Rango is an ordinary chameleon who accidentally winds up in the town of Dirt, a lawless outpost in the Wild West in desperate need of a new sheriff.



We don’t learn much about Rango’s life as a pet chameleon. In fact, his name is not even Rango; he adopts it as his identity during his adventure. We do see him create his own theatre productions with the random items in his tank and he pretends that they give him feedback and criticism. When he determines that his latest show needs some intense conflict, he finds himself flung from his tank and on the side of the dry desert road. At the advice of an old armadillo, he seeks out water and stumbles upon the town of Dirt, a classic Wild West locale full or critters and experiencing a nasty drought.

Johnny Depp quickly loses himself into Rango, a character that’s somewhere between his take on Willy Wonka and his turn as Hunter S. Thompson. Depp churns out an outstanding animated protagonist, one who is equal parts boisterous and insecure. As the ultimate outsider in Dirt, our lizard hero has an epiphany: he can reinvent himself out here. He takes up his new name and makes up a fantastical tall tale and then with a pinch of luck, becomes the toast of the town and gets anointed sheriff. All seems swell, but something’s up in the town with regards to the dwindling water supply and the local critters are getting restless. Rango must truly be the hero he masquerades as. 

Rango himself upon first meet is absolutely not a hero. Even more interesting though is that his name is not Rango. In fact we have no clue as to what his name is… no doubt an obvious reference to the classic Spaghetti Westerns to which its inspired by and its Eastwood lead ‘Man with No Name’ character. But Rango, despite his lack of name, knows what he wants and Verbinski very clearly makes sure the audience knows too… He wants the chance to be a hero and to one have a story to tell.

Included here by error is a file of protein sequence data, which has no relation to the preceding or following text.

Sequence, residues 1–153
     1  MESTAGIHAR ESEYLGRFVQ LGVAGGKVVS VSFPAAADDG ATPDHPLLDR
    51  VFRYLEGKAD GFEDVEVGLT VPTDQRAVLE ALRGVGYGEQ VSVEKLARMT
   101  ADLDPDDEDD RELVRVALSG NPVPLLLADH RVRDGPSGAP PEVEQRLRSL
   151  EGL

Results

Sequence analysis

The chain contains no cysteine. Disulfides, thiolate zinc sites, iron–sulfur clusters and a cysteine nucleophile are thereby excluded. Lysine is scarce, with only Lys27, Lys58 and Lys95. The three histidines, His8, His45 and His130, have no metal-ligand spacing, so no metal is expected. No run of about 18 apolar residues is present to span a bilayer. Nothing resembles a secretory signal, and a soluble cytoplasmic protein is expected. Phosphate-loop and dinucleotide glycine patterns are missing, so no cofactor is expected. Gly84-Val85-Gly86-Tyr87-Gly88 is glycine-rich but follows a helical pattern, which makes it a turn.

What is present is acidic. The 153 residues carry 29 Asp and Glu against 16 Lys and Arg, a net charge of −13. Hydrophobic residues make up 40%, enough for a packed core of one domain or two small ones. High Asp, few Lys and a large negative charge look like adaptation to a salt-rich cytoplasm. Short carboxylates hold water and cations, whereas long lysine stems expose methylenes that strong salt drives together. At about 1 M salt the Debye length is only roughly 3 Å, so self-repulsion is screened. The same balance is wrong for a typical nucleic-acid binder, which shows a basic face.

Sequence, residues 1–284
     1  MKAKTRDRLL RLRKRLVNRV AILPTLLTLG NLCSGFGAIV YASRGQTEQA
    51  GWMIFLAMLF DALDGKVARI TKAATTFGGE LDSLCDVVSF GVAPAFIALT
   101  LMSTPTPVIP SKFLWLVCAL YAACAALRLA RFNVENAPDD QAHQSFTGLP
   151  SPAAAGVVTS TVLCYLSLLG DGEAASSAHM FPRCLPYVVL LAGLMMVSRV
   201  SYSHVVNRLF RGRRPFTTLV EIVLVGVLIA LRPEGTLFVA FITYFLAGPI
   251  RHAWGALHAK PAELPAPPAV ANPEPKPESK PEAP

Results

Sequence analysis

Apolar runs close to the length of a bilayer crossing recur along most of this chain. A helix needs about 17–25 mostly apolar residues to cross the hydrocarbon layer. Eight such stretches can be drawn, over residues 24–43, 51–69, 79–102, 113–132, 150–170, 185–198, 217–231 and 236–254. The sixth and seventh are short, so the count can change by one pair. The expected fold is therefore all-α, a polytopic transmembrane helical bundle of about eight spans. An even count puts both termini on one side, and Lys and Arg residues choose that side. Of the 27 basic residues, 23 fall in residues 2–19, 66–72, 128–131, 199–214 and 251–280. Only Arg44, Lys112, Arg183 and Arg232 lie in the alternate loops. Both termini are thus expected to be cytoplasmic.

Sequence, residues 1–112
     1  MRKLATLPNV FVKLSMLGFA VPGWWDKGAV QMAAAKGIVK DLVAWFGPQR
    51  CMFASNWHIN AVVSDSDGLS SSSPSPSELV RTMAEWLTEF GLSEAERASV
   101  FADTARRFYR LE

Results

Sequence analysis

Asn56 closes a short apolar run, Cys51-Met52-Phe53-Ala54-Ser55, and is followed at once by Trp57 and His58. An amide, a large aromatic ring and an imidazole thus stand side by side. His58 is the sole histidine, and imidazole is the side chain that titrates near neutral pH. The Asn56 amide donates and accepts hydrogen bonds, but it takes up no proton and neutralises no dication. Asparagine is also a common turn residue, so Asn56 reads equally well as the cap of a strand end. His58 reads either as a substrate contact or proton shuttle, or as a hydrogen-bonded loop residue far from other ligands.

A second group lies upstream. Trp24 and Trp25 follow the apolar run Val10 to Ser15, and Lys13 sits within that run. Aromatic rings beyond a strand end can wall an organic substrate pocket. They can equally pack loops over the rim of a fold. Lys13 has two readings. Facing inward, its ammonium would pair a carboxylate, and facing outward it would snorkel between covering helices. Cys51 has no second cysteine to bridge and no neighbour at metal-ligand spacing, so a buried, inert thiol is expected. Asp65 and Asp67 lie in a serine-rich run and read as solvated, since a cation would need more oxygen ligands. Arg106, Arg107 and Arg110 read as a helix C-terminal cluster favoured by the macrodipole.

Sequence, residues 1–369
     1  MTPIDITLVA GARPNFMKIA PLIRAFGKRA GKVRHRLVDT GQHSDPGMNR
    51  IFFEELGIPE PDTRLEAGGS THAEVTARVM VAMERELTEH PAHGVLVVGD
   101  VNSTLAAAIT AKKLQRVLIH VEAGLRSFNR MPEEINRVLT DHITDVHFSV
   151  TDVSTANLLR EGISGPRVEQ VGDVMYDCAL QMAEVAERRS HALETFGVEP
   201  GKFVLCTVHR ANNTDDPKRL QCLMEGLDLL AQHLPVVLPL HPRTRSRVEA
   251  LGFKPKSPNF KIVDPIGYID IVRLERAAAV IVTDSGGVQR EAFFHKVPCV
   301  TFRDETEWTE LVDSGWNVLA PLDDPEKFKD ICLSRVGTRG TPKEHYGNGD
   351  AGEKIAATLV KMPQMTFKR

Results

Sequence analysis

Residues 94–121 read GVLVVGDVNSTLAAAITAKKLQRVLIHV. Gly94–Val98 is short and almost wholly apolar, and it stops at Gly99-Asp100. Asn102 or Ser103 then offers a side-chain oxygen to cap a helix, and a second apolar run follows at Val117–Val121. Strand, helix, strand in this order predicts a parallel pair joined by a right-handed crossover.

“Rango” has the atmosphere of an animated film that was made for adults. It’s very off-balanced in the best kind of way, but a lot of the references and humor are sure to go over a child’s head. Some of the characters in the film talk really fast and while Rango is goofy enough to make the kids laugh, the subject content involving the town of Dirt certainly seems to be aimed towards a more mature sense of humor.

The Blu-Ray comes with a DVD and Digital Copy to cover all of your bases. I have to say that I love how the new digital copies instantly load into Itunes via your Mac, quite nice. Back to the disc, Paramount continues their long history of actually producing discs with nearly 100% of the supplemental material in HD. The behind-the-scenes featurettes and the storyboard reel Picture in Picture track helped to make sense of this brave new animation. While this marks ILM’s first foray into PIXAR territory, I have to say that they’ve done a better job. Creating realistic computer imagery that plays in a simulated world blends so well that it tricks the eye. It also doesn’t hurt that the disc is sporting the best 1080p transfer of the year for a Blu-Ray. That’s right, kids. This is one of the best looking Blu-Rays on the market. In the end, I’d recommend a purchase.
RELEASE DATE: 07/15/2011

This site uses Akismet to reduce spam. Learn how your comment data is processed.

%d bloggers like this: